What happens if your child is feeling unwell? All children get ill from time to time. Many illnesses get better by themselves and can be easily treated at home.


  • small babies can become very poorly very quickly
  • you know your baby best
  • do not wait too long if you are worried
  • ask for help when you need it

A very ill baby may: 

  • be unusually sleepy or floppy
  • have breathing difficulties , such as breathing fast or grunting
  • be much less active
  • take less than the normal feed in the previous 24 hours
  • have less than four wet nappies in the previous 24 hours
  • feel hot when looking pale, or they look mottled or blue
  • have a spotty purple rash on their body which could be a sign of meningitis

If you notice any of these contact your doctor (or out of hours doctor) at once and find out what to do next. If you cannot talk to a doctor quickly, then take your baby/child to a walk-in centre, or to A&E.

It’s always better to be safe than sorry. If ever in doubt, talk to a health professional, or seek medical advice.

The health visiting team will be notified if your child attends out of hours, a walk-in centre or A&E. A member of the team may contact you to see how you and your child are doing post visit.

Please explore the following sections for more information:

Sticky eyes’ often occur in newborn babies, usually while their tear ducts are developing.

Sticky eyes present with white sticky mucous in the corner of one or both eyes, eyelashes may stick together.

Sticky eyes usually clear up on their own after a few days.

Clean your baby’s eyes regularly using cotton wool and cool boiled water, wiping the eye once from the corner of the nose outwards, then disposing of the cotton wool.


If your baby’s eyes appear sticky with yellowy or green sticky mucous which appears often even after cleaning, seek medical advice as this may be due to an eye infection called conjunctivitis which may require an eye antibiotic.

Should this be the case it is important to ensure good hand washing following cleaning your baby’s eyes.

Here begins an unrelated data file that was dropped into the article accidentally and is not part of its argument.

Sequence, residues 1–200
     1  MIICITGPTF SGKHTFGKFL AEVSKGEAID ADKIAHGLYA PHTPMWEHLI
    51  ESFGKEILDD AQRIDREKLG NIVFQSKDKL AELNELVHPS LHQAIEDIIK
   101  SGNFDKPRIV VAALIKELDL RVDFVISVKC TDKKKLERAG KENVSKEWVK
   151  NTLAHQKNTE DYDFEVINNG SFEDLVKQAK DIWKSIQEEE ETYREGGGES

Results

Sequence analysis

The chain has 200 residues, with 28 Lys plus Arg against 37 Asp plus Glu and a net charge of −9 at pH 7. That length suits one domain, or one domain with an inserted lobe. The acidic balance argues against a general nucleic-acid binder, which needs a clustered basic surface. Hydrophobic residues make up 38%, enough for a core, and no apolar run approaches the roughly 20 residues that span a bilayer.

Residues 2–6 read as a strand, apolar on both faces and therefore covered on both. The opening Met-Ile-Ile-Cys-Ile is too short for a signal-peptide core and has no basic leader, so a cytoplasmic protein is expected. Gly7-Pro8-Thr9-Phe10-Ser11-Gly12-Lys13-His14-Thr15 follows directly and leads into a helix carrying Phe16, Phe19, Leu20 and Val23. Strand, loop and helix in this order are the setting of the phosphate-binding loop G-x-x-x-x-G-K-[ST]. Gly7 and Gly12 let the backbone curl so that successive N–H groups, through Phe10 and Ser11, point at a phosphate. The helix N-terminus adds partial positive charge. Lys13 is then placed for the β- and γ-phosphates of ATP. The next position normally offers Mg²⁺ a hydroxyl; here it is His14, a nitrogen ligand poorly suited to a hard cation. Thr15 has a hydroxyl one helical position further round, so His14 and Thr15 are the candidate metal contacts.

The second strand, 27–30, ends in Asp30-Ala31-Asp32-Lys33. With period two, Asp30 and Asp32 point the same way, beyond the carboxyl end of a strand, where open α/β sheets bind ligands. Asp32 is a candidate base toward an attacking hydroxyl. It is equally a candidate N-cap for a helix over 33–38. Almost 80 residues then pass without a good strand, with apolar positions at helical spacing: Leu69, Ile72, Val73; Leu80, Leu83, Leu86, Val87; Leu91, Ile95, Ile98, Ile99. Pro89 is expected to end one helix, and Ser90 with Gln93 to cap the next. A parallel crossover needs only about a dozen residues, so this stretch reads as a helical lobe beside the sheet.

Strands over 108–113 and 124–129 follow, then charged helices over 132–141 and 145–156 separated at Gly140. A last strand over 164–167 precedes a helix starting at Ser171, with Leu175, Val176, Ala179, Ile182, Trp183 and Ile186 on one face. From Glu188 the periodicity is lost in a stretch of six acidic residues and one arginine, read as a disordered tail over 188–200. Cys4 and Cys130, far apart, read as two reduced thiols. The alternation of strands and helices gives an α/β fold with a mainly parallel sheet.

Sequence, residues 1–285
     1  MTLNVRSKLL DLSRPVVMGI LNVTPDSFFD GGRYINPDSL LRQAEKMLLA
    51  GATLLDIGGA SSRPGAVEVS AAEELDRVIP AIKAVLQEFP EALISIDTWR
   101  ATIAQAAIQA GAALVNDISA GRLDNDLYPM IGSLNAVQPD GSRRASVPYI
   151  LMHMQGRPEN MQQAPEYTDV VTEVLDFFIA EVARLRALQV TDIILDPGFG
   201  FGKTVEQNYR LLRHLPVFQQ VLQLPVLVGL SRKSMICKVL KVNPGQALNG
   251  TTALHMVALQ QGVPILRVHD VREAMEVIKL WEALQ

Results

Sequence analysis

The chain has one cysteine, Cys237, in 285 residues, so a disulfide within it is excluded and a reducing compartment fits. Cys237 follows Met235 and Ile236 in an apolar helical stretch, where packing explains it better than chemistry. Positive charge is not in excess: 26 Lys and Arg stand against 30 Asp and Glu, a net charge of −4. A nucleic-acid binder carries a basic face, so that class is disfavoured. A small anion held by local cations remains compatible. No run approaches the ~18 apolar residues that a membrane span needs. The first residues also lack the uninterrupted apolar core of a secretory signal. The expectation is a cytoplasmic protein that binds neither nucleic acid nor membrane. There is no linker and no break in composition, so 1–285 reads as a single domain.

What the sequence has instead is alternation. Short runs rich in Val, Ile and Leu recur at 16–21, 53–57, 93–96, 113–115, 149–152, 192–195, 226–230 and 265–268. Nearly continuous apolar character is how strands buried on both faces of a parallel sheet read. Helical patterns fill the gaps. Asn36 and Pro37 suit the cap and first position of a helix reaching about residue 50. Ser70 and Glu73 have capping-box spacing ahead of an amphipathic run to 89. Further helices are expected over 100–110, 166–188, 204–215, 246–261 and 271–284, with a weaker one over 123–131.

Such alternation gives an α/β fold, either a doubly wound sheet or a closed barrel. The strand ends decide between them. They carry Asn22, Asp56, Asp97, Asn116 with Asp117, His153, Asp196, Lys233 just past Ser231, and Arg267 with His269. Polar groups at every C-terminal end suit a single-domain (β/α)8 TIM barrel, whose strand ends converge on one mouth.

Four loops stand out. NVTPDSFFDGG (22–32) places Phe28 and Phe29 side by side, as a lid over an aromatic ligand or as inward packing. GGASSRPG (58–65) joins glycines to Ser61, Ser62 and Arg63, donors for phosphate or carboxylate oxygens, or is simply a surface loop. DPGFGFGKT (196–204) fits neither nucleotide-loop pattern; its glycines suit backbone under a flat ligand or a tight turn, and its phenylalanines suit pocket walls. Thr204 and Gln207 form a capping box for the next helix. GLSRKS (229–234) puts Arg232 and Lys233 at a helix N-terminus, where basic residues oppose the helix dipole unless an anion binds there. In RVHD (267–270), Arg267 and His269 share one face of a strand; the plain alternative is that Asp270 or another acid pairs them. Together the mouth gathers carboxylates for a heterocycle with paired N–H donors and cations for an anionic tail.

Ensure your baby has their own separate towel to the other household members to prevent spread of infection.

Cradle cap is a common scalp condition which may be seen on a young baby’s scalp. It consists of non-itchy greasy yellow or brown scales, which sometimes flake and become red.

It is harmless and often clears up on its own after a few weeks or months.

It is advisable not to pick off the scales as this can sometimes lead to infection. Gentle massaging the scalp with a natural oil such as olive oil onto the scalp and leaving it over night will help to loosen the scales. Any loose scales can be removed the next day using a soft baby brush or soft cloth. If this does not help, over the counter shampoos are available from pharmacies.

If the cradle cap does not settle or becomes red and inflamed or itchy seek medical advice.

Oral thrush is a fungal infection in the mouth and is commonly seen in babies and young children. It appears as a white coating or white patches which may be seen on your baby’s tongue, lips or gums. These white patches are not easy to rub off as they would if they were from a milk coating following a milk feed.

Oral thrush occurs in babies because their immune systems have not fully developed and they are less resistant to infection. Should your health visitor or GP feel that this needs treating, they can prescribe an antifungal medicine.

  • It is important that the antifungal medicine is continued to be used for two days after the infection has cleared up. This will help to prevent the oral thrush from returning
  • Always ensure that all feeding equipment is correctly and regularly sterilized including dummies to prevent the infection returning
  • Good hand hygiene is essential
Advice for breastfeeding mothers

A breastfed baby with oral thrush can sometimes pass a thrush infection onto it’s mother, which may affect the mother’s nipples or breasts. We call this nipple thrush – click here for further information on nipple thrush.

Excessive crying could be a sign that your baby has colic. No-one knows what causes colic, but it is thought that it is a kind of stomach cramp, and it does seem to cause the kind of crying that might go with waves of stomach pain – miserable and distressed, stopping for a moment or two, than starting up again.

The crying can go on for hours and there may be little you can do except try to comfort you baby and wait for the crying to pass. In most cases, the intense crying occurs in the later afternoon or evening and usually lasts for several hours. You may notice that your baby’s face becomes flushed, and they may clench their fists, draw their knees up to their tummy, or arch their back. Colic usually begins within the first few weeks of life but often stops by the time your baby is four months old, and by six months at the latest.